We all face difficult life circumstances at one time or another, but now, with the many implications of COVID-19, many of us are being pushed to our mental and physical limits. Parents of young children, especially, face many challenges when working remotely and attempting to maintain a stable daily routine.
Working remotely with young children at home can seem impossible sometimes, but establishing a positive inner dialogue can help you cope with negative emotions and manage your stress levels to prevent burnout.
With little ones, some days are better than others, but when things get especially tough, here are five positive mantras that will help you maintain a healthy mindset, stay sane, and be productive while you work.
1. “I have persevered before and I can do it again.”
You have likely gone through difficult times in life before and this is not the first time you’ve had to persevere. For this reason alone, you know you can do it again. Often, we don’t know how strong we can be until we are faced with extreme adversity. Learning how to re-balance your responsibilities as a parent, coworker, and spouse while quarantined is tough, but you are stronger than you know and you will grow so much from the personal lessons you learn, the mistakes you make, and the growth you experience.
2. “This won’t last forever.”
When you’re trying to complete a task for work and your toddler is yelling and climbing all over your lap competing for your attention, things can seem so out of control and overwhelming. But the truth is, this won’t last forever. The current circumstances in the world have forced many parents to take on the role of a stay-at-home parent in addition to their full-time employment, but the situation is not permanent. Things will stabilize with time as you find your new rhythm and eventually, things will return to a new normal. Sometimes just focusing on getting through one day at a time can make things seem more manageable.
3. “My values matter more than pleasing everyone.”
There are probably going to be times when you feel pressured to perform at a certain pace or on a timeline that’s just not feasible for you with your children at home. The reality is that you can’t please everyone. You can only do your best and every decision you make isn’t going to be the most popular choice. Keep that in mind as you navigate your day and recognize that you may need to re-organize your priorities once or twice throughout the day to get things done, and that’s totally fine.
4. “I can only do my best.”
As mentioned above, you can only do your best. There is only so much time in a day and as a human being, you are bound to experience failure. No one is perfect, but viewing your failures as opportunities for growth will completely transform your daily perspective. You have the skills, tools, and experience to be successful at what you do but learning from your mistakes instead of letting them bog you down is one of the most valuable ways you can boost your confidence and resilience.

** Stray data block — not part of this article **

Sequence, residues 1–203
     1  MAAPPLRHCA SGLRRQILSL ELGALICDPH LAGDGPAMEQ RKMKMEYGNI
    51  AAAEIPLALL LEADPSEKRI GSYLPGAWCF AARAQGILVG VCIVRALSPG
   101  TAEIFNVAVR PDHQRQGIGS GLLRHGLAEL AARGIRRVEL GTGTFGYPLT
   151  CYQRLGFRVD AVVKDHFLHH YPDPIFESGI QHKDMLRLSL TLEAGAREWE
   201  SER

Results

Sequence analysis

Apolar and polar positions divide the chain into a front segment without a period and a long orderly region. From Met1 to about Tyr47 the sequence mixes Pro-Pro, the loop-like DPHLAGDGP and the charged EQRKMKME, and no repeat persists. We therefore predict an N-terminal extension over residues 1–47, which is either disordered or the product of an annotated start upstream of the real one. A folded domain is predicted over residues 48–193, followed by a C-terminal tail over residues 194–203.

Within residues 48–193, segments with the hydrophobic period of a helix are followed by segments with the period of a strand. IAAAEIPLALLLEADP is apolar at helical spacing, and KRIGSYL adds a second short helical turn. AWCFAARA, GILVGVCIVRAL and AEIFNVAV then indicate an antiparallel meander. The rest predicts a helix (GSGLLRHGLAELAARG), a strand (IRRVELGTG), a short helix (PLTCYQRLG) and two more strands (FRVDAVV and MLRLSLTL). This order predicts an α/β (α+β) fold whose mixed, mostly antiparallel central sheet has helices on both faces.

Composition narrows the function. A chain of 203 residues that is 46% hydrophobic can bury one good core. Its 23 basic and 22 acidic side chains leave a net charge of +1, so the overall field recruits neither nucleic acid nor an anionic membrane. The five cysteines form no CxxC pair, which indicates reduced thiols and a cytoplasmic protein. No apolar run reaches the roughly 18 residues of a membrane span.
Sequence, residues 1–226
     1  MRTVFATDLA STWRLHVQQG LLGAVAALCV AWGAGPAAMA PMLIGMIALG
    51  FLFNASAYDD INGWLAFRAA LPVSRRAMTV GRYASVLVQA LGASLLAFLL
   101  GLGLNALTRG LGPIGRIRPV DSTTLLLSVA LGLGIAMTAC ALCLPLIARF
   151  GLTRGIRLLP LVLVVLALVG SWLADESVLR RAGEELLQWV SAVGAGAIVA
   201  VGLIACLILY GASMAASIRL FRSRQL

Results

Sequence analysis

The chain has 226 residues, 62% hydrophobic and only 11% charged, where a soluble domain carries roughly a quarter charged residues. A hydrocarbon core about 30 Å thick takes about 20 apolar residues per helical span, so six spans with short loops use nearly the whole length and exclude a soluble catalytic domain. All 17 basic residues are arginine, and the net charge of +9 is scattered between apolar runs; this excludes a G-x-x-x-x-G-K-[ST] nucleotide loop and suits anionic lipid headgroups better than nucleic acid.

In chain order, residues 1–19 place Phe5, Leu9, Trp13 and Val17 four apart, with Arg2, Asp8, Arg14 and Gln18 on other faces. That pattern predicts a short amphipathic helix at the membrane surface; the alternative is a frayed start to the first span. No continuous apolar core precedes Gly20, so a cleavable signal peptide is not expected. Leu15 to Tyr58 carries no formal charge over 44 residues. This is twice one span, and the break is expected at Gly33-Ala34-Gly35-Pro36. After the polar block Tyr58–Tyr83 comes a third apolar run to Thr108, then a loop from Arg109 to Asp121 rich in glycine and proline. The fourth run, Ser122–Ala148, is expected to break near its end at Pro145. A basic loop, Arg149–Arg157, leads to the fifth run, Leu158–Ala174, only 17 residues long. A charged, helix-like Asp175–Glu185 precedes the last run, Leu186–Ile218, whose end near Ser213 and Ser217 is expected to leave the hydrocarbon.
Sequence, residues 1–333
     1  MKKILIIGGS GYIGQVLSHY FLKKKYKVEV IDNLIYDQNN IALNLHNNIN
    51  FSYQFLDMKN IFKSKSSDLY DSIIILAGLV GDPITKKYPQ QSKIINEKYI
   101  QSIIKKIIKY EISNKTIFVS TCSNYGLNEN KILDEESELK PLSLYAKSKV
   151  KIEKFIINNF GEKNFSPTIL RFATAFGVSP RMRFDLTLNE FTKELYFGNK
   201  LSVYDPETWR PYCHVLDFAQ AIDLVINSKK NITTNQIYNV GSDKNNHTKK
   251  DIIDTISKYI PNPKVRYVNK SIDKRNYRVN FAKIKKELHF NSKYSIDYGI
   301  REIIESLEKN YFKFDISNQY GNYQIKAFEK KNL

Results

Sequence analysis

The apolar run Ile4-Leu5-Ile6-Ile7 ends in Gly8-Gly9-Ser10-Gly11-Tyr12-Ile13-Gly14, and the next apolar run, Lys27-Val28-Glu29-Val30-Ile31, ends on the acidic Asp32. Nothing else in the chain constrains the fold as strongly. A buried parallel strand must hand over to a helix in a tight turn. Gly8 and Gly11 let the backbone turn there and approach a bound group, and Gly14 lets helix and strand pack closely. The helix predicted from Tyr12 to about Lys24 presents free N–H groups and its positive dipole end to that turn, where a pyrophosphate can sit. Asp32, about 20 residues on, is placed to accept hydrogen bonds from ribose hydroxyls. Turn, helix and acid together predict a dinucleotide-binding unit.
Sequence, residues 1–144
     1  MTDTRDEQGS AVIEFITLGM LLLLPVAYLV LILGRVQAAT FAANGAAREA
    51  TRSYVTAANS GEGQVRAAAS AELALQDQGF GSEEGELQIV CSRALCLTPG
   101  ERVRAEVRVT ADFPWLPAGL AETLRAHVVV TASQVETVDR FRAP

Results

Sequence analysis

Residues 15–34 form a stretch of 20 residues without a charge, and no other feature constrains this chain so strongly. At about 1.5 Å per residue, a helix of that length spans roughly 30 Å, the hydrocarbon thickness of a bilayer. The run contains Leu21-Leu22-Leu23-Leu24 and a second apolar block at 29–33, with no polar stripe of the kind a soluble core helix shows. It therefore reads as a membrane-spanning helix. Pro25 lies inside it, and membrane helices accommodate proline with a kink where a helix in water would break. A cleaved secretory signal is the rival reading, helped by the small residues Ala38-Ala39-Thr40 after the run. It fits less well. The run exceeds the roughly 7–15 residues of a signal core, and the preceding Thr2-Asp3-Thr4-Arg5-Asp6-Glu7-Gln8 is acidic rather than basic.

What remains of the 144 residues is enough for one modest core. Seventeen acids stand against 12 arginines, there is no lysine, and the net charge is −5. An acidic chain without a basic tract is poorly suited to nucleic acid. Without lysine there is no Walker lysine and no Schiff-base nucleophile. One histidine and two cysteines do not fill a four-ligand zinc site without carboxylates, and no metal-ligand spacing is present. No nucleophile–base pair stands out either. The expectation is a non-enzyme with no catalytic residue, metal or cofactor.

Dr. Brené Brown, New York Times best-selling author and research professor at the University of Houston, explores this idea on her blog. She says, “The difference between ‘I am a screwup’ and ‘I screwed up’ may look small, but in fact it’s huge. Many of us will spend our entire lives trying to slog through the shame swampland to get to a place where we can give ourselves permission to both be imperfect and to believe we are enough. Failure can become our most powerful path to learning if we’re willing to choose courage over comfort.”
5. “I will focus on the positive.”
Thinking things like, “This experience will make me stronger.” or “All this extra time spent with my little ones is a precious gift.” will help you stay positive when the going gets tough. Some days may be very difficult, but maintaining a positive attitude will allow you to build coping skills, carry on, and creatively utilize your resources. Asking trusted loved ones for help never hurts either.
Positivity also comes with a wide range of health benefits and researchers continue to discover more information about the physical and mental perks of positive thinking, such as:
- Decreased rates of depression
- Increased life span
- Better cardiovascular health
- Greater resistance to the common cold
- Better coping skills during difficult times
Experts at the Mayo Clinic say, “It’s unclear why people who engage in positive thinking experience these health benefits. One theory is that having a positive outlook enables you to cope better with stressful situations, which reduces the harmful health effects of stress on your body. It’s also thought that positive and optimistic people tend to live healthier lifestyles — they get more physical activity, follow a healthier diet, and don’t smoke or drink alcohol in excess.”
If you feel like giving up, you’re not alone. It’s so easy to feel overwhelmed, anxious, and stressed when you’re faced with the seemingly impossible task of being a full-time parent while working remotely, but these positive mantras can truly change your life. However, if you’re struggling with extreme depression, anxiety, or self-harming behaviors like alcohol or drug abuse during this time, please reach out to your doctor, a mental health professional, or a drug and alcohol detox center for help.